Humans evolved to a great variety of plants. For millenia, our ancestors used processing techniques to make fruits, nuts, seeds, greens, and tubers as safe and nourishing as possible. 

    No plant wants to be eaten, and many plants evolved defensive compounds to deter herbivory. Antinutrients compounds in plants reduce the body's ability to absorb essential nutrients. While small quantities of antinutrients can sometimes confer health benefits, overconsumption of antinutrients can deplete mineral reserves in the body.

    Diets relying heavily on grains and legumes, nuts and seeds, or smoothies made from vegetables are more prone to experience the chronic effects of antinutrients.

    Common Antinutrients

    Glycoalkaloids: These natural pesticides that plants produce are particularly high in the nightshade family, including potatoes. The toxins can cause immediate digestive upset and potentially fatal poisoning.

    Lectins: A class of proteins found in all plants, and especially high in beans, peanuts, lentils, tomatoes, potatoes, eggplant, fruits, and wheat. Lectins can bind to the villi and cells in the small intestine, resulting in a diminished capacity for digestion and absorption. People have varying levels for tolerating specific lectins.  

    Oxalate, or oxalic acid: Oxalate occurs in leafy greens, such as spinach, as well as in nuts and seeds. Oxalate can form crystals leading to kidney stones or chronic joint pain.

    Phytate, or phytic acid: Common in seeds, grains and legumes, phytate blocks phosphorous availability and binds to minerals, depleting the body of calcium, iron, magnesium, and zinc.

    Tannins: A class of antioxidant polyphenols that may impair the digestion of various nutrients.

    Protease inhibitors: Molecules that inhibit enzymes, interfering with protein digestion. Common in legumes and cereals (barley, wheat and rye) and some fruits (apples, bananas, cucumbers, pineapples and raisins) and vegetables (cabbage, potatoes, spinach and tomatoes).

    Boiling and Blanching

    Oxalates are water soluble, making them a prime candidate for boiling and blanching, with the cooking water discarded. The high heat of boiling can also degrade some lectins, tannins, and protease inhibitors. The drawback to boiling: water soluble vitamins leave the plant material as well, reducing nutritional value.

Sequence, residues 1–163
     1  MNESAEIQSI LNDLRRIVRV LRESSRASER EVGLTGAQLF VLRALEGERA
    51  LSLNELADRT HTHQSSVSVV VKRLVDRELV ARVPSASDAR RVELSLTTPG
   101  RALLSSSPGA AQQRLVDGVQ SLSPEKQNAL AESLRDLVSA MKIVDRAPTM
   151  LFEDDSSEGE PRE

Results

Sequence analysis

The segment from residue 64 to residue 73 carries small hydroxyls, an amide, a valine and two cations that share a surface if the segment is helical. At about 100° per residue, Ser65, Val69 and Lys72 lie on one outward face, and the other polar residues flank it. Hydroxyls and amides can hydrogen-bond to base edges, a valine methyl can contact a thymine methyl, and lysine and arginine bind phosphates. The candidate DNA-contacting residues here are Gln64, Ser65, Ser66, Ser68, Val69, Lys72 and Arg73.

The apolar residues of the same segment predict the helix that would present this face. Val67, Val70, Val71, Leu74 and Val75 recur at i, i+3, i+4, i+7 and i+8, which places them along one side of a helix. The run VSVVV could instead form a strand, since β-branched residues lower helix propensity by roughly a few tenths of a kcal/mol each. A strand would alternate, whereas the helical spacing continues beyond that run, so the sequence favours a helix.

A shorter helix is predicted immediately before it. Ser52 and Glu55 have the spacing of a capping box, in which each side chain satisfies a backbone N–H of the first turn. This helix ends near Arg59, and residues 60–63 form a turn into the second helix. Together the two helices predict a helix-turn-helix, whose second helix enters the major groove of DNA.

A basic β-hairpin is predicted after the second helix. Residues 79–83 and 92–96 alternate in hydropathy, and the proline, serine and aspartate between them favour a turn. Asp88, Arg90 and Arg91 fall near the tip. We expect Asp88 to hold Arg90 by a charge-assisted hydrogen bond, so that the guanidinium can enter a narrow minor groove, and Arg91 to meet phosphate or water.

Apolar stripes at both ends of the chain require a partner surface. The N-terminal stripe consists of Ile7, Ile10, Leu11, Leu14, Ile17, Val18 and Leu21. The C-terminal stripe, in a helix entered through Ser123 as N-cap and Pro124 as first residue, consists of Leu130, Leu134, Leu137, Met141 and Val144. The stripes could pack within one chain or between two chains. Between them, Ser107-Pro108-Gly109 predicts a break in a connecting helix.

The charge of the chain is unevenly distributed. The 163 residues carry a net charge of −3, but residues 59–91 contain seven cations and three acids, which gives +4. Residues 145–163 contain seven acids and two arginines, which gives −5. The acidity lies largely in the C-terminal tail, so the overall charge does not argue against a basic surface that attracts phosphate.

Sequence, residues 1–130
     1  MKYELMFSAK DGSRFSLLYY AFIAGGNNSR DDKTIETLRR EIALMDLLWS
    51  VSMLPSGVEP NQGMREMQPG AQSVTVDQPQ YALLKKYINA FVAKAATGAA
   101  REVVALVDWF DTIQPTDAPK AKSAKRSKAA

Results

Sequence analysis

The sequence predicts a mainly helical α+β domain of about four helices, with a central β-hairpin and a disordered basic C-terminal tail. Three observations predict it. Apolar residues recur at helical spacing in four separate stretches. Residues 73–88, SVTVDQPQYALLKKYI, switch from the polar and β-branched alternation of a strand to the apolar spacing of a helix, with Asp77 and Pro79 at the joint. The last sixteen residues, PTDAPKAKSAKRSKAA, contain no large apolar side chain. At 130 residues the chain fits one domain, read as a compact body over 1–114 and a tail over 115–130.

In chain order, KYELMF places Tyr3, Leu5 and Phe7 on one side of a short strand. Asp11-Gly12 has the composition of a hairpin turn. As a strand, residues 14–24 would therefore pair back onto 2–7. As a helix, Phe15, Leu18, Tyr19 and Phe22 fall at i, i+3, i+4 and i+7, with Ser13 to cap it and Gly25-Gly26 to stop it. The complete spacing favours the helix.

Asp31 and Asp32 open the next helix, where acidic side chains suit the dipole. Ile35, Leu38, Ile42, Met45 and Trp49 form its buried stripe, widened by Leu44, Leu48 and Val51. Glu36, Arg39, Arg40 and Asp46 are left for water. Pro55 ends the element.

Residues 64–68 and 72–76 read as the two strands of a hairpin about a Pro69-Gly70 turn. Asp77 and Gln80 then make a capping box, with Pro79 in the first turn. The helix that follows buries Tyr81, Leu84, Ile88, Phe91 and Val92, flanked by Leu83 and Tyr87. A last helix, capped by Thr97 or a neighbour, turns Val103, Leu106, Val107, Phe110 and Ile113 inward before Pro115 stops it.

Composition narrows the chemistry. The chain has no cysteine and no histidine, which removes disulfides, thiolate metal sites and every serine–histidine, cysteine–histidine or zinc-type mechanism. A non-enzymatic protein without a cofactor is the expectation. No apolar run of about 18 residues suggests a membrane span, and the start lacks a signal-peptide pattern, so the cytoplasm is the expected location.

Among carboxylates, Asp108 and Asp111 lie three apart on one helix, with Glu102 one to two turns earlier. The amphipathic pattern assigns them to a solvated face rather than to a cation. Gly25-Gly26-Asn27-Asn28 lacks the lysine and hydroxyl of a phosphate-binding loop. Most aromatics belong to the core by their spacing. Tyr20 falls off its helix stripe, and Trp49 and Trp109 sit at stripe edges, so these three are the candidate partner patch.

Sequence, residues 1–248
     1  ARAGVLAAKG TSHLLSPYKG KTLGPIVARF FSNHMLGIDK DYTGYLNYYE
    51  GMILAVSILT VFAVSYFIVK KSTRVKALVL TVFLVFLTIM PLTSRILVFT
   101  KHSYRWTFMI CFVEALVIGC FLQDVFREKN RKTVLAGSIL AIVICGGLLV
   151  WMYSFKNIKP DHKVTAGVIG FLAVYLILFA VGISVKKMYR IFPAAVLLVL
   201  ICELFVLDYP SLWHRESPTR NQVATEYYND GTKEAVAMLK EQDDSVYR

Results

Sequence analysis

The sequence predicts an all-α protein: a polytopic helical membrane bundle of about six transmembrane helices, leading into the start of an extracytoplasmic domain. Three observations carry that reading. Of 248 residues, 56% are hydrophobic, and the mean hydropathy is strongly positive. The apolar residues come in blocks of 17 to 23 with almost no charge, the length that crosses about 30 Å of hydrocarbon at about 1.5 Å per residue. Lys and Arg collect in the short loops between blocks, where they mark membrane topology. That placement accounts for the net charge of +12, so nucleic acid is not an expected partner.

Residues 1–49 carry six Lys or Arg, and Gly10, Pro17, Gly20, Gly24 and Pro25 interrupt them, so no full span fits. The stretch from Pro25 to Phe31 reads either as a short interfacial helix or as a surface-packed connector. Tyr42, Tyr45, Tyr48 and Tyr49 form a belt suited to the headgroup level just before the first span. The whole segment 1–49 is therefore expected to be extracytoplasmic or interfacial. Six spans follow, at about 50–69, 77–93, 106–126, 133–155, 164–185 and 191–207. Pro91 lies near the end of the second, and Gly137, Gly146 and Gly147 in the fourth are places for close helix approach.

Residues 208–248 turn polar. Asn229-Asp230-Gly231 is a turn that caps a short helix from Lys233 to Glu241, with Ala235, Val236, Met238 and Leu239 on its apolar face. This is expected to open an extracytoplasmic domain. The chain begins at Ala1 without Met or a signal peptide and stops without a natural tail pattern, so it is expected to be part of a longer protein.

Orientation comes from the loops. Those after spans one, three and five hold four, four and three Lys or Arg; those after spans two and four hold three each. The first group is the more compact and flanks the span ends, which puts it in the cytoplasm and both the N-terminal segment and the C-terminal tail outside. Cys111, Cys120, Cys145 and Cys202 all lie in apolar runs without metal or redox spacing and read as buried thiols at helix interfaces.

Fermentation breaks down antinutrients including oxalates, phytate, and lectins. 

    Food Pairing

    Fermented grains have traditionally been made with unenriched and unbleached organic flours, cooked and eaten in combination with dairy products high in calcium, phosphorous, and fat-soluble vitamins. Think bread and butter! Foods high in vitamin C, such as sauerkraut also counteract phytic acid's ability to absorb iron. Oxalates also can be reduced with dairy like kefir or yogurt, and other sources of calcium. 

    Soaking and Sprouting

    Soaking and sprouting mimic the conditions of moist soil required for germination, causing the seed to reduce its protective compounds. Sprouting reduces phytic acid, and may degrade lectins and protease inhibitors. Some leafy vegetables may be soaked to reduce oxalates.

    Making Plants Safe to Eat

    Reduce these common antinutrients with these simple processes.

    • Glycoalkaloids: Peeling and fermentation.
    • Lectins: Soaking, boiling, heating, fermentation.
    • Oxalates: Soaking, boiling, fermentation, pair with calcium.
    • Phytic acid: Soaking, sprouting, fermentation, pair with vitamin C.
    • Protease inhibitors: Soaking, sprouting, boiling.
    • Tannins: Soaking, boiling.

    Detox Tactics

    * Medical Disclaimer *